Multimodal international transport: what is it?

Multimodal transportation

Multimodal transport combines different means of transport to speed up and make the transportation of materials and goods more efficient.


The creation of large terminals or logistics hubs connected by road, rail and sea with the centres of production and consumption has in recent years boosted the spectacular development of multimodal transport, which has the capacity to reach almost all parts of the world. Let’s take a closer look.


What does multimodal transport mean?


Multimodal international transport consists of moving goods in a single transport unit (container, swap body, etc.) from one country to another, using two or more means of transport: air, sea, river, rail or road (lorry).


The loading unit, with the goods inside, passes from one mode of transport to another by physical means, but the loading unit cannot be broken up, meaing that the goods cannot be separated. The international multimodal transport unit par excellence is the container, mainly the 20 and 40 tonnes container. There is also the so-called intermodal transport unit (ITU), which is basically used in operations that use the land mode and can be containers, swap trailers or semi-trailers.


The European Union is working to introduce a new type of container: the European intermodal loading unit, which combines the advantages of containers (strength and stackability) and those of swap trailers, in particular their larger capacity.


International multimodal transport has been regulated since 1980 by UNCTAD (United Nations Conference on Trade and Development) in its Convention on International Multimodal Transport of Goods.


This convention provides that a single multimodal transport contract, the FIATA Bill of Lading (FBL), is to be used in a multimodal transport operation. It also defines the roles and responsibilities of the multimodal transport operator, as well as the responsibilities of the shipper.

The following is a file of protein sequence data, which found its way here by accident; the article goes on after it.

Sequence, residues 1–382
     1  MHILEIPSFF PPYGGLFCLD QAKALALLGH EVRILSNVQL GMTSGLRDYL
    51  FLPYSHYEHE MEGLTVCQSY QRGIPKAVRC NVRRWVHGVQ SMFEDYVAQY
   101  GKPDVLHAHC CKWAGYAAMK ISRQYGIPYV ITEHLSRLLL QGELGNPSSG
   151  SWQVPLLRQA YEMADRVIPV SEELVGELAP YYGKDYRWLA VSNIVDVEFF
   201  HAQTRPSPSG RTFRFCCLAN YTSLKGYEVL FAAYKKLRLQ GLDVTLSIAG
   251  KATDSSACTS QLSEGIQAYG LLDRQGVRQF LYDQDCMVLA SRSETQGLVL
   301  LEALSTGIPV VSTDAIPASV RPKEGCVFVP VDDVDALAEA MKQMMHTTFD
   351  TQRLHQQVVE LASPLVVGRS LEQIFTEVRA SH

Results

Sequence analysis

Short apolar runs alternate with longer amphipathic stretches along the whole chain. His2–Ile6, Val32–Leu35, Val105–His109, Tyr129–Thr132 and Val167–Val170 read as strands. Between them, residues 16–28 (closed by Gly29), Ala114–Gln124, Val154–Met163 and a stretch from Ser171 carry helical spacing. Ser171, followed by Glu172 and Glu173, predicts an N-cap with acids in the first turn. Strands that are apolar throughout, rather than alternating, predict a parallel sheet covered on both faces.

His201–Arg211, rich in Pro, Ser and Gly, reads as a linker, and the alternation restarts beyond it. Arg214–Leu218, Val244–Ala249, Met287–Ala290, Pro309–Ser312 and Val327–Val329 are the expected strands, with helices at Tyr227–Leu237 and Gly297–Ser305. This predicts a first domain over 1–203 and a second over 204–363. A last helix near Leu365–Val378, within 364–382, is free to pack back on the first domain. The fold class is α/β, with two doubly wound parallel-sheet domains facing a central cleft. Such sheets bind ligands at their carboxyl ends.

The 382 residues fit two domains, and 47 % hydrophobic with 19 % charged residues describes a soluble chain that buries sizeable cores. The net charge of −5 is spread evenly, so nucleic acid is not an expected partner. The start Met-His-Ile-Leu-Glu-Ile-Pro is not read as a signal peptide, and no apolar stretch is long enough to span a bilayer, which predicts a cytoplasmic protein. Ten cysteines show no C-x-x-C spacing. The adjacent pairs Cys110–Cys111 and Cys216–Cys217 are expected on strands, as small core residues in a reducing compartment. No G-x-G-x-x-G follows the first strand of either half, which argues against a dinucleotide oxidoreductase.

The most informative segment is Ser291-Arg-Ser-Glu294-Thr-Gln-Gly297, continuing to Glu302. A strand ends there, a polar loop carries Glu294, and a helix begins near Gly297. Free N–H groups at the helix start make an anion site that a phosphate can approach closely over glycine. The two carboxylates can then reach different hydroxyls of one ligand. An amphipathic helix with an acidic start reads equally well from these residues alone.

The multimodal transport operator can be a logistics operator, an agency or a freight forwarder who undertakes a commitment as the main carrier vis-à-vis the exporter or importer. The operator issues the multimodal transport contract, a unified document of all the means and modes of transport used, in which it assumes the responsibilities for the execution of the contract.


Advantages of multimodal transport


  • Simplifies by using a single loading unit, a single transport operator and a single contract. It is the only mode that allows the use of a single contract, all others require more than one.
  • The contracting company has a single representative throughout the entire process, without having to engage different logistics operators.
  • It speeds up and reduces handling times when the unit load moves from one mode of transport to another. The FBL has preferential entry and passage through customs.
  • Lower costs.
  • Reduced controls, as unit loads are sealed.
  • Lower chance of theft or loss.
  • Goods can be monitored and tracked through digital and satellite systems, making it particularly suitable for the transport of high-value goods.
  • Increased certainty of timing of delivery.


Multimodal international transport is best carried out by an expert logistics operator such as Noatum, which can handle the entire logistics chain and choose the most suitable chain of transportation for each operation.